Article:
Published: Sat, March 16, 2019
Worldwide | By Isabel Fisher

Cyclone Idai: Indian Navy diverts ships for disaster relief

Cyclone Idai: Indian Navy diverts ships for disaster relief

In neighbouring Zimbabwe, weather services have warned that violent thunderstorms, lightning and strong winds will be experienced in the eastern regions of the country.

Cyclone Idai made landfall on the night of March 14, bringing heavy rains and winds to four Mozambique provinces of Zambezia, Manica, Sofala and Inhambane.

The power and communication outages left Beira's roughly 530,000 residents cut off.

Flooding in region affected by the storm had already killed more than 60 people.

Even before the cyclone made landfall on Friday, heavy rains earlier in the week had already claimed 66 lives and displaced 17,000 people in Mozambique, local officials said.

Images uploaded to social media showed pylons toppled, houses torn apart, billboards and rooftops blown away, trees snapped, communication towers knocked down and electricity cables lying across the streets.

Heavy rains in neighbouring Malawi have affected nearly a million people and claimed 56 lives, according to the latest government toll.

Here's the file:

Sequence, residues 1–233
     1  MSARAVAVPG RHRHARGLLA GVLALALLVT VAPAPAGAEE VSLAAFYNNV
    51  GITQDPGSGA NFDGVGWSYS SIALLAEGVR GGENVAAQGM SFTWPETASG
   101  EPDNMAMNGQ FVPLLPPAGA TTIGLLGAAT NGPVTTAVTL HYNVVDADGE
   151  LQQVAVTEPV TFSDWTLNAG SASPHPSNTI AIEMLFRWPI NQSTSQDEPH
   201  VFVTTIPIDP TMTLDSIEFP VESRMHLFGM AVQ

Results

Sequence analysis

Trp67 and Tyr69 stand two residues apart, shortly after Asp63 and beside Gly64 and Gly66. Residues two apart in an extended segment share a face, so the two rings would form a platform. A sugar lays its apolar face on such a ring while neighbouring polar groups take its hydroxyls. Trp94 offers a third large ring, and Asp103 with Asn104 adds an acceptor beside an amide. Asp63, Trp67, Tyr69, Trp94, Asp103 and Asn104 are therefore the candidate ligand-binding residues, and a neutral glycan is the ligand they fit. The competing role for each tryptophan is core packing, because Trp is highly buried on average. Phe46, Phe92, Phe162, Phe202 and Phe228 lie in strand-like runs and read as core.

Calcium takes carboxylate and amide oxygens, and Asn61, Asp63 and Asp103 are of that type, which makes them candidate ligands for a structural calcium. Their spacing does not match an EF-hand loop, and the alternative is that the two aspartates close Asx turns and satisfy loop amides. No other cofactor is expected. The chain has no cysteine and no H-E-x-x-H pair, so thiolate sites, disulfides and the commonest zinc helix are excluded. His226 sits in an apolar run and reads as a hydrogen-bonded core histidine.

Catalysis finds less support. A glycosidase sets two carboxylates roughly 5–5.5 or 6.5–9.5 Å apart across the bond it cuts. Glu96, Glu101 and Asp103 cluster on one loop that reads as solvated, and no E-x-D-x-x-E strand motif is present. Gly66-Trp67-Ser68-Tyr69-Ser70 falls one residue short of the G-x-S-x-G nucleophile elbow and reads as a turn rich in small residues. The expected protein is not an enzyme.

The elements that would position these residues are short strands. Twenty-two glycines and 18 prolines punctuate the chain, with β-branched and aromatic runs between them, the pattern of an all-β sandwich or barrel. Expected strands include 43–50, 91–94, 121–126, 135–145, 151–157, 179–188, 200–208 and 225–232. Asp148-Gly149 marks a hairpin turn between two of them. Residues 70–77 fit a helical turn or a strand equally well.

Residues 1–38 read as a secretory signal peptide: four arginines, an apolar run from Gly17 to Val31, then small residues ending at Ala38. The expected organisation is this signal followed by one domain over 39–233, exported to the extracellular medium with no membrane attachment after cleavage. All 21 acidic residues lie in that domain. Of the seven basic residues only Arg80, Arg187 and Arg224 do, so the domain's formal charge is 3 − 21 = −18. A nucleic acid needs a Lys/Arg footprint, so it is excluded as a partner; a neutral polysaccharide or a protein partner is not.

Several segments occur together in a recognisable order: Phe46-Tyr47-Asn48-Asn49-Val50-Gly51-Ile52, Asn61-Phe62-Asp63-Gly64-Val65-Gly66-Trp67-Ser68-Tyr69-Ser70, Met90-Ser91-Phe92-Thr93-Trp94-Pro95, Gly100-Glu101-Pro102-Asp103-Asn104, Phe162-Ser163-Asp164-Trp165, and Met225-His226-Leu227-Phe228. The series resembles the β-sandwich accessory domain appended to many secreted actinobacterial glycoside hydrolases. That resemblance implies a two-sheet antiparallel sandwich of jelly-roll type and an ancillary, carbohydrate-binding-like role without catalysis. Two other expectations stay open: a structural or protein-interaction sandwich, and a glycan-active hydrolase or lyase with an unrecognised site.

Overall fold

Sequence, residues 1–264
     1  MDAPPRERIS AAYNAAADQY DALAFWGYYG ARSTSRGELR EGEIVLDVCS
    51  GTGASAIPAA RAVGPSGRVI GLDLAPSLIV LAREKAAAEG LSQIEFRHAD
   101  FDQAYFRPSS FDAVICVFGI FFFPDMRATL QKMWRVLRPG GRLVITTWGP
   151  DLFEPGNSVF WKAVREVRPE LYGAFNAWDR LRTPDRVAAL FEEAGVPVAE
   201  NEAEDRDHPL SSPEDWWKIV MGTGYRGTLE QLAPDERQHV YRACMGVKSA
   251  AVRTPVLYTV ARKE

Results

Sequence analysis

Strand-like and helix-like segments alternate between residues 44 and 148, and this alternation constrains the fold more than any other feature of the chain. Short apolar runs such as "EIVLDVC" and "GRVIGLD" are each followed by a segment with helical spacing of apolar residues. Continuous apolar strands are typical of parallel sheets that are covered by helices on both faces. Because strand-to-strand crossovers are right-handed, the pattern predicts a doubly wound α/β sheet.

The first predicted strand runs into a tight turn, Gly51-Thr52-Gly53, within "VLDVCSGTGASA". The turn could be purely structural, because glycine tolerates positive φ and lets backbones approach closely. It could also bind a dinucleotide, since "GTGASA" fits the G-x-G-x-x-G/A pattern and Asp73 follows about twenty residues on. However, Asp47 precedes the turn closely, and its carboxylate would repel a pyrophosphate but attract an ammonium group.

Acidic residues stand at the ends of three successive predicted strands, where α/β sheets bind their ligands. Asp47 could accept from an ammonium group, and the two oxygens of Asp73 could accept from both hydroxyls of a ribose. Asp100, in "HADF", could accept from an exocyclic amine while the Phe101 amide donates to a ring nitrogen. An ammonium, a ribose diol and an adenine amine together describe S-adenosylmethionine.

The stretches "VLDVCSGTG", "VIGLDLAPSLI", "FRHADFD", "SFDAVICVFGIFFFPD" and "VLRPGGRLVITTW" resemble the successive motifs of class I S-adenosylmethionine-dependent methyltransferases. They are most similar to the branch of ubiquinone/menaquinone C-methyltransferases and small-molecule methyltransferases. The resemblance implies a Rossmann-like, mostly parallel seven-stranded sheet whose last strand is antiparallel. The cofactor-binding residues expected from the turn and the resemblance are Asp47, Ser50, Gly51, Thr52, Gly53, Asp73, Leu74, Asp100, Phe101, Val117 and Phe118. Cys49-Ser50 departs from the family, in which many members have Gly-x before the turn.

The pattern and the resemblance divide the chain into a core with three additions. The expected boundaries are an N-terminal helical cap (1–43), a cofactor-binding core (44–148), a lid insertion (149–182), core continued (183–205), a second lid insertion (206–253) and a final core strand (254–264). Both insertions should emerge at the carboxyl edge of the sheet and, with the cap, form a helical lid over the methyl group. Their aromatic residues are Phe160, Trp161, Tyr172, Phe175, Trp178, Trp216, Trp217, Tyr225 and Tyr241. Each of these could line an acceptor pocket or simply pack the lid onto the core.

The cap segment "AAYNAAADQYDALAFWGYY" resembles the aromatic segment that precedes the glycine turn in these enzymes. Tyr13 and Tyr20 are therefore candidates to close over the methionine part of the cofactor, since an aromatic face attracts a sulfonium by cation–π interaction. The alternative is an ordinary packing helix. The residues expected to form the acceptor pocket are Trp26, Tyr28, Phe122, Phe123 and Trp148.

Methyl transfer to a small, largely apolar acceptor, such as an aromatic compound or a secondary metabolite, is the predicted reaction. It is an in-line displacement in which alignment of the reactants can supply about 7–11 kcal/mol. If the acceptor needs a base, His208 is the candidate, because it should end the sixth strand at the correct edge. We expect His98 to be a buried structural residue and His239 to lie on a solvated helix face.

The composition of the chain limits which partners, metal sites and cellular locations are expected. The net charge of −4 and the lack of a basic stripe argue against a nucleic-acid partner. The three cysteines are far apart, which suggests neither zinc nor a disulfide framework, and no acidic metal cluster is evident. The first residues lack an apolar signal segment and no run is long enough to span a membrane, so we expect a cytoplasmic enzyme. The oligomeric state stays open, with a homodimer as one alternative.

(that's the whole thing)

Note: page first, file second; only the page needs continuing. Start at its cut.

There have been emergency relief camps opened, with President Peter Mutharika declaring a national emergency.

Beira has a population of 500,000 and sits at the mouth of the Pungwe River.


Villages along the coast of the northerly Zambezi province were cut off from the mainland by a two-meter storm surge.

"We don't have any communications from the area", said senior forecaster Jan Vermeulen.

"There has been a lot of damage".

Government emergency services had yet to give an update but the South African Weather Service (SAWS) said the cyclone was moving inland, northwest of Beira.

Many houses have been damaged and bridges washed away in parts of the Manicaland province which borders Mozambique.

State broadcaster Radio Mocambique said "preliminary information points to 19 deaths and more than 70 injured in Sofala province as a result of Cyclone Idai".

"Twenty tons of biscuits will arrive in the country shortly for immediate assistance to stranded communities, by boat and helicopter", said Michael Milton of the UN World Food Program.

The storm damaged a Mozambican transmission line to South Africa, cutting supplies by 900 MW and worsening an electricity shortage in SA.

The WMO said the storm packed winds of 103 miles per hour and there was fear that it could hit Beira at the same time as high tide, which would worsen the flooding situation there.

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